The United States Postal Service is in trouble. The institution has been a reliable way for Americans to get news from loved ones and of course those bills that we all love to hate, tracing its history back to 1775 and the Second Continental Congress when Benjamin Franklin was appointed the first Postmaster General.
The reason that this oldest of all American institutions is in dire straits are several fold. Changes in methods of communication are certainly one of them. We simply are sending far less first class mail than we used to, preferring emails instead. And new sources of competition have arisen with companies like UPS and FedEx taking some of the USPS’ most lucrative business. eBay is now the USPS’ single largest client.
If we take those changes and combine them with an institution that is “independent” but must report to Congress for approval when it seeks to make changes to the service it provides, that explains part of the problem. But the reason that the USPS is in deep trouble is that it is unable to fund its healthcare liability in full as it is required by Congressional mandate to do. It will default on its next payment – an amount in excess of $5.5 Billion.
There is no other institution or company in the country that must meet the stringent requirement that all healthcare benefits be pre-funded in full. The USPS must do so because Congress says they must. Why? I’m at a loss to answer that question.
If we applied that principle to other government agencies and programs, Medicaid, Medicare and Social Security would all be pre-funded. We know that they are most certainly not. In fact, they are all off-balance sheet liabilities which are not even included in our official national debt of $15 Trillion and rising.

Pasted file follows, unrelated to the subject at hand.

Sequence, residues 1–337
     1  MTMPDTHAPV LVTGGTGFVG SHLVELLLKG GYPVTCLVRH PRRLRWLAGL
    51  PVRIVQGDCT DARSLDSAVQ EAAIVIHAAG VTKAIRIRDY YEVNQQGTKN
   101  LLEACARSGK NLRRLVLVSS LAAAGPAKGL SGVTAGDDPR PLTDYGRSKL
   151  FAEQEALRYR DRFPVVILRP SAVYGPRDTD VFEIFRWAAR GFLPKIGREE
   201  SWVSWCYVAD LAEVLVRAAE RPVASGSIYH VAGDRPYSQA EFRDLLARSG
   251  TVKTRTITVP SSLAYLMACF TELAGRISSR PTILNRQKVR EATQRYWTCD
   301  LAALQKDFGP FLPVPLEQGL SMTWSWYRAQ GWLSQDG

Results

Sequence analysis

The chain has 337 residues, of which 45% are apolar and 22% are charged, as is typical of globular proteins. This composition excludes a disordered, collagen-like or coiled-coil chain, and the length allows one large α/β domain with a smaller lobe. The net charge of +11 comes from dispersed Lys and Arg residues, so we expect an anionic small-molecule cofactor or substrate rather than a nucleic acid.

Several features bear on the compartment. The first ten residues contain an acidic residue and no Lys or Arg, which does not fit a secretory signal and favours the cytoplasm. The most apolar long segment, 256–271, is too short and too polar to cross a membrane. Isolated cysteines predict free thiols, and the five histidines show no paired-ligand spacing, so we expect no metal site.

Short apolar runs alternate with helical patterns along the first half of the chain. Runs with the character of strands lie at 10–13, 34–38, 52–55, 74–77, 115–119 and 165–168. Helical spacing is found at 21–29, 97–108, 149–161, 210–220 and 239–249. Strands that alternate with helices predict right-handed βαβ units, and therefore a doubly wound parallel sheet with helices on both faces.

The good news, if there is any, is that the Congress has begun recently to pass new legislation regarding the post office. The 112th Congress has introduced 60 bills regarding the USPS. Twenty-six of those bills have already become law. And what is the underlying theme of these pieces of legislation? They all deal with the important issue of re-naming existing USPS facilities. None of them addresses the financial issues that the USPS faces.
What are our elected officials in Washington thinking? Or are there any people whom we elect who actually engage in that activity – at least occasionally? I’m printing a copy of this post and will be mailing it to my representative in the House and the two senators from Nevada. But first I’m going to conduct a little test.
I’m gonna sit right down and write myself a letter – and see if there is anyone left at the USPS who will deliver it.